At a Glance: Not satisfied with the plot used in the 1992 hit movie, THQ decided to craft their own expanded story. This makes complete and total sense since the retcon that can only be found in Home Alone: The Comic #1 which doesn't exist. If any of you have ever been alone and possibly in a house, read on and you might get some tips about dealing with fat men without shirts.
Platform: NES (Download Emulator here - 192k)
Download: Download ROM here - 64k
Got a suggestion? Email me
Game Plot: You are Kevin Macallister, keeper of the sticky guns, the hands on the face kid. Your quest is to thwart thieves because the police seem to be too busy to bother. Most games are not as thievalicious as this one, making you wonder why police seem to have any trouble finding criminals when they pop out of the bushes every three seconds. In order to deal with how terrible Christmas with the family is, Kevin took his parents' credit cards, used them to get a luxurious room in a hotel, and then for some reason gets chased down by the hotel security. What bummers! Can't a kid use his father's stolen credit cards in peace? After being chased out for hotel-related shenanigans you run around the city of New York for a little bit. Easily getting bored of dodging deadly suitcases, you go straight into an abandoned building and then have a final showdown with Lord Dorkmus and Turkeyhead in a huge Christmas tree that has a terrifying face. I honestly cannot say if this is better or worse than the original movie.
Enemies: The collection of radioactive turtle-transforming ooze and leftover purple ghost slime must have permanently mutated the bodies and minds of New Yorkers in 1992. Malformed heads, high levels of baldness, and old ladies jumping back and forth are government common signs of a biohazard outbreak. Not only that, but the wackiness of your hijinks may have reached such high levels that the entire world of cleaning has been turned upside down! Brooms and vacuums wander around aimlessly in a bloodthirsty desire for Spic-n-Span.
Thanks to one single phone call by one of the thieves, the entirety of New York has come together to try and kill you. I mean, they have nothing better to do. To make things simple for someone wishing to play this game: everything that bothers to move in this game is an enemy. Not wanting to waste their money on anything besides moustache oil and banana guacamole, THQ didn't feel the need to program much variety, coherence into their enemies, anything that doesn't want to kill you, and any reason for thousands of disappointed kids to not carry out the murder of their parents when they come home with this title. You fight maids, hotel clerks, underground doves with twigs, bats, rats, thieves, pieces of dust falling from the ceiling, and probably a stone or two that has gained sentience - even that wants to kill you.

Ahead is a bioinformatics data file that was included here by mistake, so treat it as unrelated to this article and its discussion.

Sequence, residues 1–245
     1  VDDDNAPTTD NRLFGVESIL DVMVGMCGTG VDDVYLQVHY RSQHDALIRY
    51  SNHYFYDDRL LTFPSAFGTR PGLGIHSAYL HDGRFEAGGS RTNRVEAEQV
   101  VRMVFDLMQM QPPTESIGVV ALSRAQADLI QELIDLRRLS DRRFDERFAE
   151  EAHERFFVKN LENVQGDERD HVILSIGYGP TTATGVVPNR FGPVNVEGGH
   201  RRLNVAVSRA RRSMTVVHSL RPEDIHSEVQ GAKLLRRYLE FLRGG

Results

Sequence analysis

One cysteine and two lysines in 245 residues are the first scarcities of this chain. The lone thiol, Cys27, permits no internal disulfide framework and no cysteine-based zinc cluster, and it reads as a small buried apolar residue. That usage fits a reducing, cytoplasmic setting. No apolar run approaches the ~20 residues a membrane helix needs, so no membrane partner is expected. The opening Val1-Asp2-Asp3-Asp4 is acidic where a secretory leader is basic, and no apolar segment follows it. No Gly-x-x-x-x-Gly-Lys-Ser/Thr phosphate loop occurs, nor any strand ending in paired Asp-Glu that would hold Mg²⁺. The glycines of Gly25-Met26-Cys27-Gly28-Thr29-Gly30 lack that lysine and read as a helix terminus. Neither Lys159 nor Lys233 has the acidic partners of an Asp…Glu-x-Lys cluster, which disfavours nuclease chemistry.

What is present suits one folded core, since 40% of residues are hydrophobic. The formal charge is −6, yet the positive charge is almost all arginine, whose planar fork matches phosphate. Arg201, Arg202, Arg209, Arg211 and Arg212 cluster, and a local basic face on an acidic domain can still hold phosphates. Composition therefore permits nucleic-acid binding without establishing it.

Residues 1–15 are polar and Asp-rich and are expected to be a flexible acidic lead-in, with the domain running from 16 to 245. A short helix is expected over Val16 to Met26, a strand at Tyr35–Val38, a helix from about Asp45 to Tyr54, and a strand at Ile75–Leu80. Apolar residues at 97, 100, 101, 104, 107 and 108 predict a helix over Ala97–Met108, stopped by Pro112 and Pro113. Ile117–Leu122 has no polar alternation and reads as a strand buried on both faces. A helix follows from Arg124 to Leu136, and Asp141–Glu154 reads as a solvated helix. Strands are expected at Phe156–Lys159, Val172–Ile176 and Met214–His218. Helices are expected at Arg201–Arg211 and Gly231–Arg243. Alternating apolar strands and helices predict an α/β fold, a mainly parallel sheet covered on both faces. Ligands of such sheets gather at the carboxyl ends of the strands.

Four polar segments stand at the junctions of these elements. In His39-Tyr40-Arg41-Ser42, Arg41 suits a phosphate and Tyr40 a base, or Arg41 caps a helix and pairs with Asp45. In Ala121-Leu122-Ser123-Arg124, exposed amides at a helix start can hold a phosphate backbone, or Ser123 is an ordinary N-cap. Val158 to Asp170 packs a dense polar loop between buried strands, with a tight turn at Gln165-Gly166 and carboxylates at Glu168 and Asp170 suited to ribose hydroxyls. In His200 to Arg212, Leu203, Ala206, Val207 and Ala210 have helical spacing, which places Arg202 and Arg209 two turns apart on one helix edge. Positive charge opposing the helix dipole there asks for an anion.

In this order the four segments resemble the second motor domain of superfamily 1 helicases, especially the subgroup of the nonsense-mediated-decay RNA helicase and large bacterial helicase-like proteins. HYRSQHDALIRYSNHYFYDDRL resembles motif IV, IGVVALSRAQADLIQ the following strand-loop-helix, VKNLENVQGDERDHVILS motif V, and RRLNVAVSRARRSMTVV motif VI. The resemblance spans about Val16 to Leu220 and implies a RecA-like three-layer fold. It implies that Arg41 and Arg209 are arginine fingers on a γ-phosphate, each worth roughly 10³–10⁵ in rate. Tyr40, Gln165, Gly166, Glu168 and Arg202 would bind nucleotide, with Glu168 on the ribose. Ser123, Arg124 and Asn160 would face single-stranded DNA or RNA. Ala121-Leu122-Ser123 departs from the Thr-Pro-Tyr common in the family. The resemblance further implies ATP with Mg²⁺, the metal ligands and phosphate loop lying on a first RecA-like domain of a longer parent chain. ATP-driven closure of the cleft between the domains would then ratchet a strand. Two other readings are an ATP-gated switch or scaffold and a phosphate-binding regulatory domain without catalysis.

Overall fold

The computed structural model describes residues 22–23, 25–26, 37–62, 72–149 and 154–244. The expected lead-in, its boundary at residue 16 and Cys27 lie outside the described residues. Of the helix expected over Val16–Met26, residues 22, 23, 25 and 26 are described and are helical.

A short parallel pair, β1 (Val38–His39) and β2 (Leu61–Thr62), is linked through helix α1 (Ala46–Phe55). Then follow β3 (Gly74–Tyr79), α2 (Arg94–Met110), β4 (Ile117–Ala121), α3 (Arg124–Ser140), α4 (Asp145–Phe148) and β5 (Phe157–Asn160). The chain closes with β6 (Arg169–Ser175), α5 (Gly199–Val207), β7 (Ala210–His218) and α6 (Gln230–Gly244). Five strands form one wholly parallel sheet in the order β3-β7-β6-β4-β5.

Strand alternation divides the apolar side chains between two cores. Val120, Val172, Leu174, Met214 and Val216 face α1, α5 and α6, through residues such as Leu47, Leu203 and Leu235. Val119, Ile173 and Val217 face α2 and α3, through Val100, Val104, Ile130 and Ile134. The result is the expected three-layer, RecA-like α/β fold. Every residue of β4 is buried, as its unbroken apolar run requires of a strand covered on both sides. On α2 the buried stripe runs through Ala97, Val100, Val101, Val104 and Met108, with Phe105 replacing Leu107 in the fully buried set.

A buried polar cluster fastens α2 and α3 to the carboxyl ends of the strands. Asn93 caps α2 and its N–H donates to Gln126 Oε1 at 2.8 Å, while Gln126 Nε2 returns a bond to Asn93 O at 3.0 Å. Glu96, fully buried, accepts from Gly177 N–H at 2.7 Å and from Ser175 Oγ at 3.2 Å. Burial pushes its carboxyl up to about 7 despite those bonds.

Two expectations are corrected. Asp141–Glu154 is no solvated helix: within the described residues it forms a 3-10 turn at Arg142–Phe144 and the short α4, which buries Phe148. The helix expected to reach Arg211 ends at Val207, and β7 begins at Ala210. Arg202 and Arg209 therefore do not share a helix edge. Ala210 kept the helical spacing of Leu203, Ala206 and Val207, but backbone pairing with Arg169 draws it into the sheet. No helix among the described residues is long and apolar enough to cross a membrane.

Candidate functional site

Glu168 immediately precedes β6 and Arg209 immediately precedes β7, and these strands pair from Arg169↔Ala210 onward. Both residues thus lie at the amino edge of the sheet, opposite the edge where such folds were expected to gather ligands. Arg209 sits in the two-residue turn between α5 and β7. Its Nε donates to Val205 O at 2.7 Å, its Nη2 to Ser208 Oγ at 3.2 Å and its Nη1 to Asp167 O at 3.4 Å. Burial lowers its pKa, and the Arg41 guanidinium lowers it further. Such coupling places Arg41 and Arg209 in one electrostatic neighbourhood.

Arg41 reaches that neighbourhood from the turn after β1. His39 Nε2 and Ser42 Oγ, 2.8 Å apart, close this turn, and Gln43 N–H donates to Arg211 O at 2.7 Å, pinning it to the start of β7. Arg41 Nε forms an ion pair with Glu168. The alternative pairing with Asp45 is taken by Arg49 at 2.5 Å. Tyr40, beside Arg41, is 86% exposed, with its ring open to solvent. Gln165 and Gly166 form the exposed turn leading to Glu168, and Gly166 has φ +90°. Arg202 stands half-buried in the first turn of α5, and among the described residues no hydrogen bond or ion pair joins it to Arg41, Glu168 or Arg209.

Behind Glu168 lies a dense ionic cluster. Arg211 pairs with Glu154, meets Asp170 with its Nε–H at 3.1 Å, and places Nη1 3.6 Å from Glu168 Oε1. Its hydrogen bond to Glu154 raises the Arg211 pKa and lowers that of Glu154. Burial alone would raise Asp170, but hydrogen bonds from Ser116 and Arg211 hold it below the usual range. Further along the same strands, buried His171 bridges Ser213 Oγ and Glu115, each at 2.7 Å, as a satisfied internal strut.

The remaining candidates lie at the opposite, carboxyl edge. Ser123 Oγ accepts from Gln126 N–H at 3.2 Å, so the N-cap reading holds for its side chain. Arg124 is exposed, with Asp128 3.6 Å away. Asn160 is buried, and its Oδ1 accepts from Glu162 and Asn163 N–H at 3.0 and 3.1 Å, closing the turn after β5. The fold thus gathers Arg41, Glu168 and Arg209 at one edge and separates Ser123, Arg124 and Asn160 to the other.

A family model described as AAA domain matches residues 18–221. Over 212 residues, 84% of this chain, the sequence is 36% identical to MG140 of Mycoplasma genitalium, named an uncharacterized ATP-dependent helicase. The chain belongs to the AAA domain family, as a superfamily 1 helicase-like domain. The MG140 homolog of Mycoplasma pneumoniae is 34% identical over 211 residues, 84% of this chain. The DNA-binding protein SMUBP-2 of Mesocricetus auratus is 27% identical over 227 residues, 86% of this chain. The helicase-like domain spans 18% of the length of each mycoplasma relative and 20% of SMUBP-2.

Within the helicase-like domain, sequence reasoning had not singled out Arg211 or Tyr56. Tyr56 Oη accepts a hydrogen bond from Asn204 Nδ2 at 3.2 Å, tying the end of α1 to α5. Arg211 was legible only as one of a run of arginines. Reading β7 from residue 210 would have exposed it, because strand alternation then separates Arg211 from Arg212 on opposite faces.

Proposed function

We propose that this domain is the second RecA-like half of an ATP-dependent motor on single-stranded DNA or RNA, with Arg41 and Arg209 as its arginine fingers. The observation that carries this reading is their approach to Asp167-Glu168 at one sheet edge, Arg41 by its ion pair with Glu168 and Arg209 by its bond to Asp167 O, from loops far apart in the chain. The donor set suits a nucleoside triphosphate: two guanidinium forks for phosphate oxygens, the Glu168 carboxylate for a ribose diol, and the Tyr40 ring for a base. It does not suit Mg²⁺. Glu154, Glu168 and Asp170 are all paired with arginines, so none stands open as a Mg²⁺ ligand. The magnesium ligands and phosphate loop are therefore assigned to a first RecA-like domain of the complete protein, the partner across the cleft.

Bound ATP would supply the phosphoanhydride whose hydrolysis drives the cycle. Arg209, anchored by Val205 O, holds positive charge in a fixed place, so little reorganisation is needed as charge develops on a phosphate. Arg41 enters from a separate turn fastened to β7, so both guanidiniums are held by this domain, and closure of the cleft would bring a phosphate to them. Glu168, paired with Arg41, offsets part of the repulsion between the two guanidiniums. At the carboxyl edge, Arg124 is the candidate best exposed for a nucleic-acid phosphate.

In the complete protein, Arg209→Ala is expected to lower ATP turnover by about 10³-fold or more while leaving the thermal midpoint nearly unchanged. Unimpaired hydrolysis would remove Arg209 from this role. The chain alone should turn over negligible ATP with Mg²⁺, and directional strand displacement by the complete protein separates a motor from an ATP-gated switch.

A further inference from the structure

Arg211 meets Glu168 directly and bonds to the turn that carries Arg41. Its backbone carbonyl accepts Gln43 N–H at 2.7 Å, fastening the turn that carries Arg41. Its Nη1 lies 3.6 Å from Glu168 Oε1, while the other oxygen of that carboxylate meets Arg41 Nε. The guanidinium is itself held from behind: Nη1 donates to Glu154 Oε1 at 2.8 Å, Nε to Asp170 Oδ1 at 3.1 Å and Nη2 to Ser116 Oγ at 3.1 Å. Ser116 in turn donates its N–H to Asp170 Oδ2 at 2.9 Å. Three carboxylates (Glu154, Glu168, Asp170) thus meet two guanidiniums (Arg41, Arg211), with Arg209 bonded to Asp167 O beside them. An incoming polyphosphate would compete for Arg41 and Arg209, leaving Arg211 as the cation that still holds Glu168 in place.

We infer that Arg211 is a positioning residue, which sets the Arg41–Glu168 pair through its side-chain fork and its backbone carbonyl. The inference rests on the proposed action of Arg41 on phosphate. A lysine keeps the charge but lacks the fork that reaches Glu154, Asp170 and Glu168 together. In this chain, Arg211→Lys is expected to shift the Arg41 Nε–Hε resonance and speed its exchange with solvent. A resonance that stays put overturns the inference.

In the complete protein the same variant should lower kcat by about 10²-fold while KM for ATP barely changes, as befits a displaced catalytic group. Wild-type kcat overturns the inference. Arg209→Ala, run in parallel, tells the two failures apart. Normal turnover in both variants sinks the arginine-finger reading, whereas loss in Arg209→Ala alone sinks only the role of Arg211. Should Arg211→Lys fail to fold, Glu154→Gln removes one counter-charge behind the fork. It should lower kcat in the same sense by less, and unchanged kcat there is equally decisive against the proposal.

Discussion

Weapons: Fist guns and pearl necklaces. In the hands of a child, nothing says innocence like fisting a guy with a gun. No doubt you get so excited that you find yourself dropping a pearl necklace all over the floor. Also take note that giving Kevin a little bell he can do a really crazy jump. This is no doubt a clue to the kind of brainwashing they had to use to convince the characters themselves to not up and revolt.
Levels: Just like the movie you begin in a hotel, move onto the streets, and eventually end up in an old house. Just like in the movies you have no clue why you're suffering through something so obviously evil. Each level sort of blends into the other in a manner that can only be replicated if you start chewing on tinfoil while dipping your head in bat blood. It's actually recommended in the strategy guide.
Bosses: There is only one boss, and he waits for you in the kitchen level - greased up and smelling of ham lotion. He hops back and forth, slowly taking off his shirt as you damage him. He throws something that looks like a pink egg, but it's hard to make it out when you're so busy staring at his heavenly body. There is nothing more terrifying than fat men who can barely contain their lust for little children by opening up their shirt whenever you touch them.
Defining Moment: When I was little I had a similar experience when thieves decided to rob a giant scrapbooking store. I used plungers and fought my enemies with little rolls of toilet paper and toothpaste. For defeating the crooks, I was given the key to the town by a large black man who was so friendly. My psychologist has recently told me that this is what we call a "defense mechanism" for the "child abuse" I went through and that I was really "locked into a bathroom for years."
Crap Jokes because this is a movie property game:
Each category in the rating system is based out of a possible -10 score (-10 being the worst). The overall score is based out of a possible -50 score (-50 being the worst).
Top 10 Billionaires in the World? Most Powerful People in Tech? We've seen lists just like these for decades now. Recent features like Best Billionaires Under 40 have attempted to shake things up by getting more specific, but they need to go even further.
RT mobile games reviewer Jeff Glukhov quits RT after being forced to give pro-Russian reviews to various iPhone and Android games.
Did anybody even want this sequel?
The Rom Pit is dedicated to reviewing the most bizarre and screwed up classic console games from the 1980's, the ones that made you wonder what kind of illegal substances the programmers were smoking when they worked on them. Strangely enough, the same illegal substances are often necessary to enjoy or make sense of most of these titles. No horrible Nintendo game is safe from the justice of the ROM Pit.